California Dept. of Corrections v. Morales, 514 U.S. 499, 11 (1995)

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Cite as: 514 U. S. 499 (1995)

Opinion of the Court

attenuated risk of affecting a prisoner's actual term of confinement by making it more difficult for him to make a persuasive case for early release, but that fact alone cannot end the matter for ex post facto purposes.4

Indeed, contrary to the approach advocated by respondent, we have long held that the question of what legislative adjustments "will be held to be of sufficient moment to transgress the constitutional prohibition" must be a matter of "degree." Beazell, 269 U. S., at 171. In evaluating the constitutionality of the 1981 amendment, we must determine whether it produces a sufficient risk of increasing the measure of punishment attached to the covered crimes.5 We

have previously declined to articulate a single "formula" for identifying those legislative changes that have a sufficient effect on substantive crimes or punishments to fall within the constitutional prohibition, see ibid., and we have no occasion to do so here. The amendment creates only the most speculative and attenuated possibility of producing the prohibited effect of increasing the measure of punishment for covered crimes, and such conjectural effects are insufficient under any threshold we might establish under the Ex Post Facto Clause. See Dobbert, supra, at 294 (refusing to accept "speculation" that the effective punishment under a new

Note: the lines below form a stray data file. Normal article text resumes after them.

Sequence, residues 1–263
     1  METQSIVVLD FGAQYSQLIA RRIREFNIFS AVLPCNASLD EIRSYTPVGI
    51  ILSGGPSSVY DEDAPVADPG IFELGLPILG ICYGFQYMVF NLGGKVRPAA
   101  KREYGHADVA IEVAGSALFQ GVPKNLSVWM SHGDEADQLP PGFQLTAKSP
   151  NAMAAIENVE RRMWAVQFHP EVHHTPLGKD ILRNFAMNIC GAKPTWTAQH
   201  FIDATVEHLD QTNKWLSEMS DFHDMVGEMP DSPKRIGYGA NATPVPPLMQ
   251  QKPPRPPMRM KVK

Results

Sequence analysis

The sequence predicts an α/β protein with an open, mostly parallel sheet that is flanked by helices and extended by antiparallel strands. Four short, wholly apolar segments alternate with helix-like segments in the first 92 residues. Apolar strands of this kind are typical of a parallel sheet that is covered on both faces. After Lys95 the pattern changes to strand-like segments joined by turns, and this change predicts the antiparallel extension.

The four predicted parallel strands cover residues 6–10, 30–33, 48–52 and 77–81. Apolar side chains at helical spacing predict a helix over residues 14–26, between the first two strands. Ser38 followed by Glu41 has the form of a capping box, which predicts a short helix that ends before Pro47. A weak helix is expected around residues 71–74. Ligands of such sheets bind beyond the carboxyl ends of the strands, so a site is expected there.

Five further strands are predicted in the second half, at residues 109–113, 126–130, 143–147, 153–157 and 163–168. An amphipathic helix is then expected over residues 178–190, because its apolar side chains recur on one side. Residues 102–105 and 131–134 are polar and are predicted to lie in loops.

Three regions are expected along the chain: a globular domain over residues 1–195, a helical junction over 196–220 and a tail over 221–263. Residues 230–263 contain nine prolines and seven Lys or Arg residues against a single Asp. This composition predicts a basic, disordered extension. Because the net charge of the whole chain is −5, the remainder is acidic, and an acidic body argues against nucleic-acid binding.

4 The dissent proposes a line between those measures that deprive prisoners of a parole hearing and those that "make it more difficult for prisoners to obtain release." Post, at 524. But this arbitrary line has absolutely no basis in the Constitution. If a delay in parole hearings raises ex post facto concerns, it is because that delay effectively increases a prisoner's term of confinement, and not because the hearing itself has independent constitutional significance. Other adjustments to mechanisms surrounding the sentencing process should be evaluated under the same standard.

5 Contrary to the dissent's suggestion, see post, at 519, we express no view as to the constitutionality of any of a number of other statutes that might alter the timing of parole hearings under circumstances different from those present here.


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